SoCal paramedic remembers mom who died of COVID-19

SAN BERNARDINO, Calif. (KABC) -- "She always would tell me 'be safe and safe lives.'"

That's how Justine Galvan's mom would end her phone calls with her.

Toni Galvan, 48, of San Bernardino was so proud of her college student-paramedic daughter. Justine always called her at the end of her shift.

"A force of habit to reach for my phone in my pocket and pick it up, and it just hit me, I can't call her," Justine said.

Toni was diagnosed with COVID-19 in late June. Before this, Justine says her mom was perfectly healthy. Toni checked into a motel to keep her four kids safe.

She called 911 for difficulty breathing and was transported to Arrowhead medical center.

Justine said the staff did everything possible to save her - remdesivir, convalescent plasma, and finally a ventilator.

"Her brain wasn't receiving enough oxygen because her lungs were struggling," Justine said.

Toni went into cardiac arrest on the morning of July 17. Doctors stabilized her just long enough for her daughter to say goodbye in person. A special and rare opportunity granted to Justine because she's worked at that hospital and knows how to don full PPE.

"I was rubbing her shoulder. I just looked at her and told her that all her kids love her."

Toni died about an hour later.

On her phone were thousands of pictures of her kids' proudest moments.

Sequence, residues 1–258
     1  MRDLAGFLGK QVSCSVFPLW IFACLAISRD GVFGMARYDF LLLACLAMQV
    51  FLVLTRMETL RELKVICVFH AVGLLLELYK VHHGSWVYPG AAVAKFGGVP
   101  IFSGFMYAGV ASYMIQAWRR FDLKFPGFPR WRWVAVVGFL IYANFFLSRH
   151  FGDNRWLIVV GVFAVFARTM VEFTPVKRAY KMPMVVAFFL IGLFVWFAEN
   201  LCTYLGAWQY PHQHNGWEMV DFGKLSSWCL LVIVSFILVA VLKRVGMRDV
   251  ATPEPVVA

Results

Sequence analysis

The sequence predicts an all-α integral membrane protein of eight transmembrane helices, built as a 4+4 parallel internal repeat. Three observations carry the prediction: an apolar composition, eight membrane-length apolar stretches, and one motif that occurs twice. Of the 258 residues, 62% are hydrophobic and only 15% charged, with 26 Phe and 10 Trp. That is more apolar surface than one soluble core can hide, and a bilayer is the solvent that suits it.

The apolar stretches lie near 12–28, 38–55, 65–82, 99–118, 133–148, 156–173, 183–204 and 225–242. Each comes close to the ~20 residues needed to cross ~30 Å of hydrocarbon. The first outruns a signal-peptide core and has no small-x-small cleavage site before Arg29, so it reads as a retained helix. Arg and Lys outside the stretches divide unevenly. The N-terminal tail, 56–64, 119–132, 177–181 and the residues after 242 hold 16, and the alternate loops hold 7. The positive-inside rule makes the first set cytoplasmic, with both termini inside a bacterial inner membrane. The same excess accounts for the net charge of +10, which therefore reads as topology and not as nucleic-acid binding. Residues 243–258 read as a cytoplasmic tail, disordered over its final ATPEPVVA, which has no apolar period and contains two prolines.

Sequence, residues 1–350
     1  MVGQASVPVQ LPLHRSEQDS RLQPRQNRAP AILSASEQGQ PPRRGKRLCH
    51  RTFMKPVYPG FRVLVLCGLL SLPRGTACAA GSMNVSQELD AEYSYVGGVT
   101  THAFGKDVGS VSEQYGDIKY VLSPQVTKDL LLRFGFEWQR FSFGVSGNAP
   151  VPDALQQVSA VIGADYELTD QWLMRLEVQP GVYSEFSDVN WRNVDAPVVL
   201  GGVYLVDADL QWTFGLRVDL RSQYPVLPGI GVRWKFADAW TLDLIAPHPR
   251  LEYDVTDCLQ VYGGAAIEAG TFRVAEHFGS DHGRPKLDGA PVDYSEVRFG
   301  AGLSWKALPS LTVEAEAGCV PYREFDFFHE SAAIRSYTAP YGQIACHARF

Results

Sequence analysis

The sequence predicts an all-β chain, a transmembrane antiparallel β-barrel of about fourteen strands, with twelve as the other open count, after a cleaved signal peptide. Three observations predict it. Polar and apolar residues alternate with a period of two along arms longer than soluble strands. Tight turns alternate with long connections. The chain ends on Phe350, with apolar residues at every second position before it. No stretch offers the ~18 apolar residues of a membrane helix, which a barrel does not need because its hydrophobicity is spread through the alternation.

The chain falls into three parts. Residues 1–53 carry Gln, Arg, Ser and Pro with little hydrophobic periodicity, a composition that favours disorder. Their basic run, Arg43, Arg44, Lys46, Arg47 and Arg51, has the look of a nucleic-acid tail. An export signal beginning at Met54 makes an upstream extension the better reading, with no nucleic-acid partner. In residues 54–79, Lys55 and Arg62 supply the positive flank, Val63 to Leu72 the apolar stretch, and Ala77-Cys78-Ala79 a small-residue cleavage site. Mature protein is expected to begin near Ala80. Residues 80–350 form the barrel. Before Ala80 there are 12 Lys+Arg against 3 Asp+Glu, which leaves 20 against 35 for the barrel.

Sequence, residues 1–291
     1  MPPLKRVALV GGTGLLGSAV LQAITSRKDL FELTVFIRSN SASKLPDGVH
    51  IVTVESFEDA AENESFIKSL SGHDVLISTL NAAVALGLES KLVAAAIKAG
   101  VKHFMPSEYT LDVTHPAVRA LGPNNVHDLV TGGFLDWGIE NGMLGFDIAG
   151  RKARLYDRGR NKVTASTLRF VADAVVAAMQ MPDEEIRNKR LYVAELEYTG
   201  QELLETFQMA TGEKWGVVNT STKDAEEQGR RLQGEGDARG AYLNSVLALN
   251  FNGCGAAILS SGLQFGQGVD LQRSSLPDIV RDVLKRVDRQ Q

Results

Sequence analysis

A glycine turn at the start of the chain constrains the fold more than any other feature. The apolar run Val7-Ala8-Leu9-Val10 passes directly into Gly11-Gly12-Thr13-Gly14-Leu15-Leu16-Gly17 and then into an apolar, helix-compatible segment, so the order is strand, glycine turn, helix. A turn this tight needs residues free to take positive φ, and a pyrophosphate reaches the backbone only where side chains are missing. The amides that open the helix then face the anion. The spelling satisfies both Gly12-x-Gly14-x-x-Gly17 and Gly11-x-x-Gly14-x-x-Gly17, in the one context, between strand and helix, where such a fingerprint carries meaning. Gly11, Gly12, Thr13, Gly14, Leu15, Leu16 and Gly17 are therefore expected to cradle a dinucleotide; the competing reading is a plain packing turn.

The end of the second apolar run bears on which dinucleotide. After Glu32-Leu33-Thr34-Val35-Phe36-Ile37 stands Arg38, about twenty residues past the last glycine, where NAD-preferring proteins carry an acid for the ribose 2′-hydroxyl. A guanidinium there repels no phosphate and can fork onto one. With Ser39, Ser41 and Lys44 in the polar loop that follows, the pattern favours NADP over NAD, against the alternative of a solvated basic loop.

Justine set up a GoFundMe page to help with her younger siblings' expenses.

"We're sticking together, and we're gonna make sure we remember the good times with our mom. Even when we're not strong, we have each other to fall back on," Justine said.

As a paramedic who lost her mom to COVID-19, Justine gets angry when she sees others refuse to wear masks.

"We have to deal with some of the stubbornness and the selfishness of others."

On Justine's arm is a new tattoo in her mom's own handwriting.

"This says 'Be safe and save lives. Mama,'" Justine said pointing to the tattoo.

"She is forever in my heart and forever on my skin now."

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It's widely known that COVID-19 is contagious and can be transmitted through droplets from coughing, sneezing and talking in close proximity to others.

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